Traffic congestion is a national issue in the United States and has gotten worse in regions of all sizes. Now, more and more intersections are operated in oversaturated situations where the traffic demand exceeds the capacity of the system. Although a significant amount of literature has been devoted to how to manage oversaturated traffic signal systems, our understanding of the characteristics of oversaturation remains limited, particularly with regard to identification of oversaturation and the transition process from under-saturated condition to oversaturation. It has become increasingly obvious that successful traffic management requires efficient methods to identify and model oversaturated conditions.
This research moves towards a better understanding of oversaturation, by 1) providing coherent methodologies to quantify oversaturation and 2) developing a simplified model to describe oversaturation at signalized intersections based on high-resolution traffic signal data collected by the SMART-SIGNAL (Systematic Monitoring of Arterial Road Traffic Signals) system. In particular, the research focuses on the following four areas:
1) Quantification of oversaturation: Traditional definitions of oversaturation are not applicable for existing detection systems. This research circumvents this issue by quantifying the detrimental effects of oversaturation on signal operations, both temporally and spatially. In the temporal dimension, the detrimental effect is characterized by a residual queue at the end of a cycle, which occupies a portion of green time in the next cycle. In the spatial dimension, the detrimental effect is characterized by a downstream spillover, which blocks the traffic and reduces usable green time. From these observations, we derive two types of an oversaturation severity index (OSI): one temporally-based (T-OSI) and one spatially-based (S-OSI). Both T-OSI and S-OSI are designed to yield a ratio between the unusable green time due to detrimental effects and the total available green time in a cycle, using high resolution traffic signal data. T-OSI is quantified by estimating the residual queue length; and S-OSI is quantified by measuring the time period of spillover. Since different types of OSI (T-OSI or S-OSI) point to different underlying causes of oversaturation, this research has the potential to provide guidance for the mitigation strategies of signal oversaturation.
2) Real-time queue length estimation for congested intersections: To quantify T-OSI, this research proposes a novel shockwave-based algorithm to estimate time-dependent queue length even when the signal links are congested with long queues, a situation that the traditional input-output approach for queue length estimation cannot handle. Using high-resolution "event-based" traffic signal data, the new algorithm first identifies traffic state changes; and then applies Lighthill-Whitham-Richards (LWR) shockwave theory to estimate maximum and minimum (i.e. residual) queue length. This algorithm is also applicable for other aspects of arterial performance such as travel time, delay, and level of service.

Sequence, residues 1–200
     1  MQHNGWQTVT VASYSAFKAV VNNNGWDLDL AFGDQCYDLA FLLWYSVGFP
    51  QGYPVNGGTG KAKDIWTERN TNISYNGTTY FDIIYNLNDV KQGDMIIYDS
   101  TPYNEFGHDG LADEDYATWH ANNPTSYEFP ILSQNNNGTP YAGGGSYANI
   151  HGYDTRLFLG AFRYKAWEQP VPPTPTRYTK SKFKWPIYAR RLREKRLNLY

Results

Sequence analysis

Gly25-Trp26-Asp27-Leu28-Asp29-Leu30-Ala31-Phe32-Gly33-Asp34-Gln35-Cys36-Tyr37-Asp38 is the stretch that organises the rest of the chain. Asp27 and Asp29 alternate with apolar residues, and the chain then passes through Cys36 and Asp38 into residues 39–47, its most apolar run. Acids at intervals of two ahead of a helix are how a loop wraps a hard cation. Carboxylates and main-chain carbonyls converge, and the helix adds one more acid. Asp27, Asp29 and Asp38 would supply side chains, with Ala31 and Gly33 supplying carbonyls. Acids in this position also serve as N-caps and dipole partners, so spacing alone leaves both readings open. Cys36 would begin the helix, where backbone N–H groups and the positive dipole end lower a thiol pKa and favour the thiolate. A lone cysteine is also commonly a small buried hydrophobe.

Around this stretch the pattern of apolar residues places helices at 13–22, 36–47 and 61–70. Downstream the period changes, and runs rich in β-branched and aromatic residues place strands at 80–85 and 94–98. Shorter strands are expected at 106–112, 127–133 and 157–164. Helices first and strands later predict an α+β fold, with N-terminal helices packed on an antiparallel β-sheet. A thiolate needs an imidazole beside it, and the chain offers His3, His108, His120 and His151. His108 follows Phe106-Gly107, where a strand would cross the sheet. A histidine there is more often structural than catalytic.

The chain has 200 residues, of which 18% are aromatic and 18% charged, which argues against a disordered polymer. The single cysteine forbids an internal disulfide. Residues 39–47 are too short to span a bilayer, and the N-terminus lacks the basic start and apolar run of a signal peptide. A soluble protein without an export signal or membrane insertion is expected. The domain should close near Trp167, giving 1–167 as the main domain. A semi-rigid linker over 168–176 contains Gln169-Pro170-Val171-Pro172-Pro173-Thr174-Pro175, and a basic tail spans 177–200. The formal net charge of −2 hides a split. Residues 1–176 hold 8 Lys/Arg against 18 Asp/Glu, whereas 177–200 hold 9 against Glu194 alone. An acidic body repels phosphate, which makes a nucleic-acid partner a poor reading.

3) Queue-Over-Detector (QOD): To quantify S-OSI, we study a phenomenon we call Queue-Over-Detector (QOD). QOD occurs when a vehicle stops and rests on a detector for a period of time creating a large occupancy value. This research demonstrates that a main cause of QOD is spillover from downstream intersections. Thus QOD identification can be used to quantify oversaturation in the spatial dimension, i.e. S-OSI. This research also briefly studies the relationship between QOD and the cycle-based arterial fundamental diagram (AFD) by microscopically investigating individual vehicle trajectories derived from event-based data. Results show that proper treatment of QOD results in a stable form of the AFD which clearly identifies three different regimes, under-saturation, saturation, and over-saturation with queue spillovers. Achieving a stable form of the AFD is of great importance for traffic signal control because of its ability to identify traffic states on a signal link.
4). Traffic flow modeling for oversaturated arterials: The culmination of this research project is a simplified traffic flow model for congested arterial networks, which we call the shockwave profile model (SPM). Unlike conventional macroscopic models, in which space is often discretized into small cells for numerical solution, SPM treats each homogeneous road segment with constant capacity as a section; then categorizes the traffic within each section simply as free-flow, saturated, or jammed. Traffic dynamics are analytically described by tracing the shockwave fronts which explicitly separate these three traffic states. SPM is particularly suitable for simulating traffic flow on congested signalized arterials, especially with queue spillover problems. In SPM, queue spillover can be treated as either extending a red light or creating new smaller cycles. Since only the essential features of arterial traffic flow, i.e., queue build-up and dissipation, are considered, SPM significantly simplifies arterial network design and improves numerical efficiency. For these reasons, we fully expect this model to be adopted in real-time applications such as arterial performance prediction and signal optimization.